Soft rot is due to bacteria and fungus, developing a condition known as bacterial heart rot. Bacterial heart rot advances slowly and creates the least amount of structural harm in trees. Though they do create decay in lignin, hemicellulose, and cellulose in affected trees, the rot doesn’t spread far or fast.
Black canker disease can severely mar trees, particularly willows. Keep reading to learn how to keep your tree healthy and what to do about treating black canker on your willow tree.
What is Black Canker?
Black canker is produced by a fungus called Glomerella miyabeana. In willows, it’s frequently accompanied by a scab. Leaves that get unevenly shaped spots are an early sign that a tree could be suffering from black canker. The spots emerge in early summer or late spring. However, your tree can appear normal. Tree owners don’t even see the problem at this point, even though infested leaves can dry up.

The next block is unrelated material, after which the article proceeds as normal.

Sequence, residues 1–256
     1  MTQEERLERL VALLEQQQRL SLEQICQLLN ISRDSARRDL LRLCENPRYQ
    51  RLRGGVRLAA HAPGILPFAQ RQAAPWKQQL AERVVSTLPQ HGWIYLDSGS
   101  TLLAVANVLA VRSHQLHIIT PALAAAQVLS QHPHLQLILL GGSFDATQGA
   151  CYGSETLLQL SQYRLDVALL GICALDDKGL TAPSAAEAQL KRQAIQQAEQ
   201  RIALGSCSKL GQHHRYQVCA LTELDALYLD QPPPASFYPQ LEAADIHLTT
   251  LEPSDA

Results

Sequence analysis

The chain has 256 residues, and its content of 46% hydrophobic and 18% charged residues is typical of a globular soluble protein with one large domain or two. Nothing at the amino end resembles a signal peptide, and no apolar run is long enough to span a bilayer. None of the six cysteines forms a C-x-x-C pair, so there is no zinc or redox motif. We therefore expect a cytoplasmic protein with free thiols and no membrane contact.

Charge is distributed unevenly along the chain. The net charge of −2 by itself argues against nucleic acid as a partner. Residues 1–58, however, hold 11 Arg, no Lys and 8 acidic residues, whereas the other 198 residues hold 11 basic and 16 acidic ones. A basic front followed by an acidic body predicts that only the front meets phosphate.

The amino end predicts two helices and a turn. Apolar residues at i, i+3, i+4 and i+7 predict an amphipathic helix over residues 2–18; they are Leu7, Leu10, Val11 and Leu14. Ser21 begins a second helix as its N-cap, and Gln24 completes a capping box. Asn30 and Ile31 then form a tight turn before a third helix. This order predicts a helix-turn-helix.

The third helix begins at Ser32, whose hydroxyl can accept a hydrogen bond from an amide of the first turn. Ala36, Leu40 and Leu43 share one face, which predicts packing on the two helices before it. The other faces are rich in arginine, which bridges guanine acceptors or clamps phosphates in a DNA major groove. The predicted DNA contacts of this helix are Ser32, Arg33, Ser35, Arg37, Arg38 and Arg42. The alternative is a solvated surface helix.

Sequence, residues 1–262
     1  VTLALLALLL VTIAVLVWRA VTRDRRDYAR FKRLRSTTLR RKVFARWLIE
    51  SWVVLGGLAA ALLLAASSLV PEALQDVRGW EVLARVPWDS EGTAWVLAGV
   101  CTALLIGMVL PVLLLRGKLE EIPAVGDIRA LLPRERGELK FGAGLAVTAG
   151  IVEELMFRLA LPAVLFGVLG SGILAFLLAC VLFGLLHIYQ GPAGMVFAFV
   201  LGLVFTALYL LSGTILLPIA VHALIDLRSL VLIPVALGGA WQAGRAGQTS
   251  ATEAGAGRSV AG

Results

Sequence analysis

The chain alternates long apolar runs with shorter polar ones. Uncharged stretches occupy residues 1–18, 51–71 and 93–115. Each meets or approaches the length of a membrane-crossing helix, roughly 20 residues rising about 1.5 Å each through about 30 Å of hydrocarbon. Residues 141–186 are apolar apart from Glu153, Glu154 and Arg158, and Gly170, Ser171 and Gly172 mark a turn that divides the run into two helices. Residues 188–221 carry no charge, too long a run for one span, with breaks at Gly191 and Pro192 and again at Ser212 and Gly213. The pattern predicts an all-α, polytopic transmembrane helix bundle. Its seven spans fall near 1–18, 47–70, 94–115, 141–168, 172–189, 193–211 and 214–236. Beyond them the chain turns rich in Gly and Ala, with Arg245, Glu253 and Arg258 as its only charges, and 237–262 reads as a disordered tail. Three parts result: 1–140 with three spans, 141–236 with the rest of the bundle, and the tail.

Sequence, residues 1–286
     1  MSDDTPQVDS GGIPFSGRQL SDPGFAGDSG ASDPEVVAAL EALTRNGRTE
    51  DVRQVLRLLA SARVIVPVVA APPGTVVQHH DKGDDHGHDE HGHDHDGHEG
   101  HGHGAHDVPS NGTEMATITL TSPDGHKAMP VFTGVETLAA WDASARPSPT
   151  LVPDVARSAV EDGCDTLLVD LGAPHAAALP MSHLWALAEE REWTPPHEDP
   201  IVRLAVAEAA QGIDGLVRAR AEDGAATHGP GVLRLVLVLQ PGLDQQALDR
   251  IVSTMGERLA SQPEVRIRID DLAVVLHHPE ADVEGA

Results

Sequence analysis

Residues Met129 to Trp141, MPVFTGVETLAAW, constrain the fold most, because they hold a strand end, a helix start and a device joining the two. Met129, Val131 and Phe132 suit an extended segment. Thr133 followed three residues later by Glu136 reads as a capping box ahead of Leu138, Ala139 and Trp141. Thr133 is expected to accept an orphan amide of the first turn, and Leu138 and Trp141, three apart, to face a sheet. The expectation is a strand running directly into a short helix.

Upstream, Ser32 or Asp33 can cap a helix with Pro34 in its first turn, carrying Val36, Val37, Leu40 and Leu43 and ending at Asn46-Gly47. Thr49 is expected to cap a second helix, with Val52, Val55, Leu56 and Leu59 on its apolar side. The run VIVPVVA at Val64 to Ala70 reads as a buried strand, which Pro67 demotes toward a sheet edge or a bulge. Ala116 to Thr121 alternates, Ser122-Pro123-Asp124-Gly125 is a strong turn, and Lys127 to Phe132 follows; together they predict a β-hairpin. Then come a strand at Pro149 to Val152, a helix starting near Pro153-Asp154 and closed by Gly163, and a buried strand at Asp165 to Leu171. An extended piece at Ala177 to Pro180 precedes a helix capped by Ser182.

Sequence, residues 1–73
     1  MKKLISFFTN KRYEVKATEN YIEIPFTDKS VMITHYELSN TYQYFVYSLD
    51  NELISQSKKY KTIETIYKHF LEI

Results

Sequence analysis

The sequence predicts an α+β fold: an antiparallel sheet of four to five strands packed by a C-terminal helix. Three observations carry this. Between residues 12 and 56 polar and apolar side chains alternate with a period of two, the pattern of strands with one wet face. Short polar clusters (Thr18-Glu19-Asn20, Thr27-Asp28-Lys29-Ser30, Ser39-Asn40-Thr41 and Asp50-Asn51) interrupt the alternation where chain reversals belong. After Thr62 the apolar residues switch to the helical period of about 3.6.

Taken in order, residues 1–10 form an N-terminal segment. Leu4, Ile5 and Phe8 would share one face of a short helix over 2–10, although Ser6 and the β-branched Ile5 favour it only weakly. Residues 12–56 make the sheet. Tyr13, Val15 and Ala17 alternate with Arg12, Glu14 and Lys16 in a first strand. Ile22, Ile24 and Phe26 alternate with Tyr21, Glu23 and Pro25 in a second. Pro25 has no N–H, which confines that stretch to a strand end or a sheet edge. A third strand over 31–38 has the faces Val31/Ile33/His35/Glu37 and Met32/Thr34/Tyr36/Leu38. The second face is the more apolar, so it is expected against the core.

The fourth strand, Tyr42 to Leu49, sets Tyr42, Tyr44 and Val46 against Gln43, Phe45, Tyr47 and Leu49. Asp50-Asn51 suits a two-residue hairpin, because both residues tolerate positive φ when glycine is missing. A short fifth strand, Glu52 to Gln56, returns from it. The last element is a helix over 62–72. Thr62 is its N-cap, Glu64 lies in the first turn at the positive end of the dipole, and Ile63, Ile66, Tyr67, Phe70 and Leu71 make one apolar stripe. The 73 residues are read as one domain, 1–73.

Cankers develop at the point where, as the disease advances, you’ll see cankers where the twigs connect to branches and stems. Cankers can ultimately develop on the main trunk or stem. In the autumn, wounds leak out a pink, velvet-looking, sticky substance that has spores. The spores are moved to various tree parts and nearby trees by insects.
The natural resistance of the tree determines the size of the canker. The first year, the canker could be just an inch in diameter on resistant trees or over three inches on predominantly susceptible trees. Every year, the spaces of dead bark around the cankers get bigger. But, the disease won’t kill the tree unless many cankers come together to encircle the trunk entirely.
Black Canker Treatment